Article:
FREE Shipping $40+
Share :

Perfume & Coffee Beans: A Refreshing View on Everyday Quilt Stories

At department store perfume counters, clerks will often put out tiny dishes of roasted coffee beans near the fancy glass bottles. These are not snacks. 

The coffee beans are there to help a person “reset” their olfactory system after they’ve smelled too much bergamot and sandalwood and lily of the valley. After sniffing bottle after bottle of eau de toilette, a person can become “nose blind” — i.e., incapable of smelling much of anything due to olfactory fatigue. It’s been said that the strong, singular smell of pure coffee provides a kind of “reset” for your nose so you can go back to smelling perfumes. It’s not clear this is actually true, but if you’re a department store trying to move six cases of Clinique Happy, you can’t take any chances. So out come the little dishes of beans!

I’d like to suggest that just as we can become nose blind, we can become word blind too.

Don’t Lose “Sight” of Two Important Words: Quilt and Story

Every day, our brains process a staggering amount of words. This is very tiring. And because it’s so tiring, the brain finds ways to cut corners. For instance, when we encounter certain phrases or word pairings that we’ve seen a million times, we’ve learned to kind of cognitively skim over them because we won’t be missing critical information. “I know that one,” the brain says and moves onto the next phrase, the next word, effectively on autopilot until it gets to something more exciting, like “Schenectady” or “recently escaped convict.” You’re definitely not word blind to that one.

Lately, I’ve been thinking that if you hang out in the quilt world long enough, you’re in danger of becoming word blind to the words “quilt” and “story” when they’re used in conjunction. And they’re used in conjunction a lot

Don’t get me wrong; phrases like “every quilt tells a story” or “quilt your story” are beautiful. Quiltfolk’s own stated mission to “tell the stories behind the stitches” is as good as a mission statement gets. Both “quilt” and “story” are evocative, powerful, deeply meaningful words, but because quilt-and-story phrases appear so often in the quilt discourse, are we becoming word blind to them? If our brains skim over these phrases when we read them—e.g., “Yeah, quilts tell stories, got it”—a world of meaning gets skimmed over too.

Not on my watch! Consider this post a rhetorical dish of coffee beans.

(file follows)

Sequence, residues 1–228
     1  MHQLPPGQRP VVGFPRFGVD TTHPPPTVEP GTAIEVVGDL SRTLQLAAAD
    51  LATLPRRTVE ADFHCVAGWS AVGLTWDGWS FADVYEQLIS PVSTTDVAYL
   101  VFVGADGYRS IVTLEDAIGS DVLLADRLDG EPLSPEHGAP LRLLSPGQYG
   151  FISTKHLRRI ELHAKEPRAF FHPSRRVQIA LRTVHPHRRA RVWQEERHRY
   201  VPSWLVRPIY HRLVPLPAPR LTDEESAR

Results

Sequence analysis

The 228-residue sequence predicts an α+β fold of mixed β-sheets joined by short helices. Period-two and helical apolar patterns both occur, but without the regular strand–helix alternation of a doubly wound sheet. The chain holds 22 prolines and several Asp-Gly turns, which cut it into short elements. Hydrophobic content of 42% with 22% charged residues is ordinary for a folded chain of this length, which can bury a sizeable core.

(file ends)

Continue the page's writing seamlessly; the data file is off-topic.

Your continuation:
The Incredible Impact of Story

It happens occasionally that I’ll pop my head up from whatever I’m working on and think, “Am I really still talking about this?” Then I remember that to speak and write about quilts is to speak and write about art and culture, history and politics, and time. Plus, there’s color absolutely everywhere, which is very cool. In my line of work, I get to tell people about other people like them or not like them, the living and the dead, and the meaning we make with our hands. It’s a good gig because basically, I get to tell stories.

Ah, stories. We crave them as children. We relish them as adults, as evidenced by bookstores and movie theaters—both of which exist for the sole purpose of telling stories. Technically speaking, a story is a narrative that conveys a series of events connected in some way. They can be true or fictional, spoken or written, and you know a good one when you hear/read it. But that’s a sterile definition. 

Stories are much more than that: Stories teach us how to be people. We tell and listen to others tell stories of love, terror, heartache, adventure, loss, and triumph then carry them with us all our lives because they are the stories we remember. Stories give our lives shape and meaning. For quilt people—whether you make, study, or have history with any aspect of quilts—it’s deeply rewarding when you get the opportunity to tell it. There’s something even better than that, though: When a quilter writes their story down, it means other people, now and in the future, can be rewarded too—because reading someone else’s story gives permission for others to share their own!

Quilt Journeys: A Writing Retreat With Quiltfolk

In Person, In Iowa, In June! 

In June, in the idyllic little town of Winterset, Iowa, myself, Frances O’Roark Dowell, and Lauren DeLuca, all of us professional writers and teachers of writing, will lead Quilt Journeys, Quiltfolk’s first-ever, in-person writing retreat. Not only will you have the opportunity to write your own quilt story—about yourself, about someone else, about a quilt, or all of the above—but you will also be surrounded by stunning vintage quilts in the Iowa Quilt Museum (from famed quilt collector Mary Kerr) and the historic, largest publicly held quilt collection in the world on our all-inclusive day trip to the International Quilt Museum in Lincoln, Nebraska. 

Before people arrive, we will set up the chairs: There are 32 of them. And I promise that those of you who claim one will leave Iowa with a new understanding of and relationship to the words “quilt” and “story.” You’ll see!

About the Author

Mary Fons joined Quiltfolk in 2016 and is the Creative Director of the Quiltfolk Foundry Project. Click here to learn about Quilt Nerd, Mary’s weekly livestream show about quilt history and culture.

A Reward For Reading!

A Reward for Reading!

As a thank you for visiting the Quiltfolk Journal, we’re giving you $10 off ANY purchase of $40 or more with coupon code QFJOURNAL.

Limit one use per customer

Account Login

Find your folk.

It’s free to become a Quiltfolk Insider.
You’ll receive exclusive offers, news, and more!